Frontline Initiative Ethics

Ethical Challenges in Support Agencies


Bonnie-Jean Brooks is the Executive Director of OHI

OHI was founded out of Maine’s desire to “do the right thing” on behalf of citizens with the dual diagnoses of mental retardation and mental illness. Our mission continues to be helping people with disabilities to be freed from years of institutionalization in a variety of healthcare settings. Twenty-two years later, our agency continues to struggle with the day-to-day challenge of always doing the right thing. The “right thing” for us has never been premised on legal or regulatory descriptors. Ethics at OHI find their fundamental basis in morality — what we believe to be the deepest societal values. Doing the right thing has become increasingly complex! More and more frequently, we find ourselves asking, “Is this the right thing to do?” in at least three areas: Professional Ethics, Organizational Ethics, and Biomedical Ethics. Space does not permit an in-depth description of each of these areas, but, perhaps, a few examples will capture their essence —

  • Professional Ethics. We promote frontline staff as professionals. We call them Direct Support Professionals (DSPs). We tell the Legislature that they deserve more money and benefits because they are professionals. We promote a career ladder so that they will call what they do a profession. Do we hold professional expectations? Yes! To get to that point, it took a year-long effort to identify the marks of a professional a process which resulted in a “Role of a Professional” job description. A professional ethical question that confronts our field in this time of drastic workforce shortages is whether it is ethical to actively recruit employees from other social service agencies. The answer for us is a resounding “no.” Simply put, it is not the right thing to do.
  • Organizational Ethics. As flat funding continues, year after year, while we want to give deserving DSPs an annual raise, is it right to pad new individual budgets that are being submitted to the state so that we can spread excesses to valued employees? The answer is “no.” We must find another way.
  • Biomedical Ethics. Not long ago, a parent of a young adult with autism informed us that she wanted our staff to take her son to the hospital over the course of several weeks to undergo a series of injections of secretin. She had heard that secretin ameliorates the affects of autism. Based on research, we knew that the only possible positive effects that were evident were in children and, even then, the research was questionable. There was no evidence of success with adults. Furthermore, her son has a phobia of needles. After much discussion, bringing the mother’s mandate to one of our Human Rights Committees, and doing further research, we made the decision that we simply could not participate in this treatment. This treatment was simply not the right thing to do! The treatment went forward with the mother and family members supporting the young man, but was not successful.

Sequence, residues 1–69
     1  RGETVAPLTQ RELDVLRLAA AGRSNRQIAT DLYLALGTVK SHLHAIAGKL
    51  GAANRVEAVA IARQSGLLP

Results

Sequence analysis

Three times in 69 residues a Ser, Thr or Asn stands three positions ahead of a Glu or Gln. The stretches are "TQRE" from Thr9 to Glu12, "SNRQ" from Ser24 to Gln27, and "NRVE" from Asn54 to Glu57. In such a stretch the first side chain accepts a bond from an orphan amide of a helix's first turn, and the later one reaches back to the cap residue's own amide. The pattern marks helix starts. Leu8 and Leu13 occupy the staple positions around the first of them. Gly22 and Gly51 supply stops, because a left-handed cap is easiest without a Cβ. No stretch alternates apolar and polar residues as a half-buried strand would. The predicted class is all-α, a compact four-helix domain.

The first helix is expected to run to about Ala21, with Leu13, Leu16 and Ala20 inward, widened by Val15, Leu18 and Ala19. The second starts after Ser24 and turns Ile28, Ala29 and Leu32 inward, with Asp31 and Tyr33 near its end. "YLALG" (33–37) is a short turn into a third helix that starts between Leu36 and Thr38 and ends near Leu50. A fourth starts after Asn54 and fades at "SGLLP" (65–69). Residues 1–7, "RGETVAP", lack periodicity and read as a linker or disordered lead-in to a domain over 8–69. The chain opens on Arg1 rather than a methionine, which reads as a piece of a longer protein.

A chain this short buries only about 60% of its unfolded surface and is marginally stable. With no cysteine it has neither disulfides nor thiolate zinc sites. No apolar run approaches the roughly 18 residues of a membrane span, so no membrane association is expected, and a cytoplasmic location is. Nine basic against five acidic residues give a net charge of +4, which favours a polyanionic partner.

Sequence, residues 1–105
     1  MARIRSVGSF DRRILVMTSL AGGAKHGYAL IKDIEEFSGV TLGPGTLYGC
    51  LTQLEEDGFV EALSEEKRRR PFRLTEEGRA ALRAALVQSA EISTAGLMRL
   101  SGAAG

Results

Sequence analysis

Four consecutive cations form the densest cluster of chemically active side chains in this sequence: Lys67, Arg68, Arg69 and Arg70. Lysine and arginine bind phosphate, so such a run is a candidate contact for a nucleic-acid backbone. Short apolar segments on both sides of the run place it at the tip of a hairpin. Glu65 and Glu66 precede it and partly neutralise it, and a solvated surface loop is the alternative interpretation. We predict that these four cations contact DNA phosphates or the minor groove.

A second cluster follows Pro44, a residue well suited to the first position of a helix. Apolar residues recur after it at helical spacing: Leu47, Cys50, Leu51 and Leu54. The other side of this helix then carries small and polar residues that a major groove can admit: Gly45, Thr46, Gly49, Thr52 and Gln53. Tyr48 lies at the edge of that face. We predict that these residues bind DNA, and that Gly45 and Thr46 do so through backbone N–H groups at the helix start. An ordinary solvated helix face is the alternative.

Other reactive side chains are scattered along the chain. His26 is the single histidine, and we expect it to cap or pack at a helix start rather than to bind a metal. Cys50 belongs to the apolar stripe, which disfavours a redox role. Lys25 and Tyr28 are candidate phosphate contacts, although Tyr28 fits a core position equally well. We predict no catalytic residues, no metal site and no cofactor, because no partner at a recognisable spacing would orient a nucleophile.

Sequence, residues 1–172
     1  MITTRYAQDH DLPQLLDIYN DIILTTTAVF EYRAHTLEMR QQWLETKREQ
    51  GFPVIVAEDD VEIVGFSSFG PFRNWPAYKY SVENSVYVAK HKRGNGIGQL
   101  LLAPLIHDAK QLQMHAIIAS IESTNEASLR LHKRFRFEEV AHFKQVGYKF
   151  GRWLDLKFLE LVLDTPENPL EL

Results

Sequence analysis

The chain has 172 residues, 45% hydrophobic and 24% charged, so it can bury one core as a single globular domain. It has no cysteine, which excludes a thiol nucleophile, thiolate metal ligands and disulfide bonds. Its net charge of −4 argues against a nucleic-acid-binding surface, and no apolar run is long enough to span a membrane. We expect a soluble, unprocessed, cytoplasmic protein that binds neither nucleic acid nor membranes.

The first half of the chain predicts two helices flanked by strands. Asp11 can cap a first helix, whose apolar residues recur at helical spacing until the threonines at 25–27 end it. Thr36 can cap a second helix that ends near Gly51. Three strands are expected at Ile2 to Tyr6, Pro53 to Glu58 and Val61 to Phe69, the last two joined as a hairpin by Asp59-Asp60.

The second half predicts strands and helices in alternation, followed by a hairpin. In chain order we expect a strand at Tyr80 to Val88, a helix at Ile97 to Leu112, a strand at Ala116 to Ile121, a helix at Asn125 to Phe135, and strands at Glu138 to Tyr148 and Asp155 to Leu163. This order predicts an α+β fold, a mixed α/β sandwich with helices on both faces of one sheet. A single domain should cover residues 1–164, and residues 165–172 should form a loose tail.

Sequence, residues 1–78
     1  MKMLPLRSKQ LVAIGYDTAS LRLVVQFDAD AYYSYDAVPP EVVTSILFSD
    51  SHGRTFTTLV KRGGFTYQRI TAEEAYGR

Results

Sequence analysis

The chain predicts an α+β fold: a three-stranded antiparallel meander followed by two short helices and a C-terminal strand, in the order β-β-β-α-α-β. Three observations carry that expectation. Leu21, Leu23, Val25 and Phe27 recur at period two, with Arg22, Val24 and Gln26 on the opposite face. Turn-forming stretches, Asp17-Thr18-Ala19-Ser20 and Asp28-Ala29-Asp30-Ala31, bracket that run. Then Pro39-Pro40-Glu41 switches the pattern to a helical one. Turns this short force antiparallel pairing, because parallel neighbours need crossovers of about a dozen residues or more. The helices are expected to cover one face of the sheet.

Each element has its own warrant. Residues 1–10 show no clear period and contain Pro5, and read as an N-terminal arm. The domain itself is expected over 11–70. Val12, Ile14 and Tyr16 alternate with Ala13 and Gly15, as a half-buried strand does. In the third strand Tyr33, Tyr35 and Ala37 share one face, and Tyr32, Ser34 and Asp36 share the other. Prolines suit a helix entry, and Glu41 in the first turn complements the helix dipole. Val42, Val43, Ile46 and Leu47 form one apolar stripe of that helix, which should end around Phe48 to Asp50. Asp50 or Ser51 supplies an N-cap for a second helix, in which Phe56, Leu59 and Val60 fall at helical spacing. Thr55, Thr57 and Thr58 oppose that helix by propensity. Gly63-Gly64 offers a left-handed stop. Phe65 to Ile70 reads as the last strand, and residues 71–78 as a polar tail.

In the early years, without thinking about it, we developed our mission, values, and philosophy around “right thing” statements. As the years have passed, we have tried to instill ethics into our organizational fiber and throughout the culture of our corporate life.

A serious focus on ethics really began in 1997 when our Board granted a request for our Assistant Executive Director and I to attend a week long intensive bioethics course at the Kennedy Institute of Ethics at Georgetown University. Daily concerns were rising and as an agency we were also looking ahead to troubling times that were calling on us to make very difficult decisions — decisions that could ultimately make the difference between life and death; decisions that could influence the “system” to fund us or deny us funding; decisions that involved overlooking the lack of professionalism of an employee or, on the other hand, not tolerate that behavior; and decisions that could ultimately deny the persons we support their basic freedom, rights, and choices.

Since 1997, we have woven ethical decision-making, behavior, language, policy, and culture throughout OHI. All new staff receive an Ethics course during orientation that also includes exposure to our Ethics Policy, our Professionalism Statement, and the role of the OHI Ethics Committee (a committee comprised of a diverse group of individuals, including an ethicist). All DSPs within our agency were also asked to give feedback to the National Alliance for DSPs on its Draft Ethics Statement for DSPs and did so with great hope. The NADSP Ethics Statement has also become part of new employee orientation.

It is our belief that the essential character of services for a person with disabilities — particularly, residential supports — can be profoundly altered by the nature of a single decision about how to support that person. Michael Kendrick, a disability advocate, has written that each person has a “human identity that both precedes and transcends the identity ascribed to them by services and their processes.” We are mindful of this statement every day at OHI and try to be ever vigilant about doing the right thing.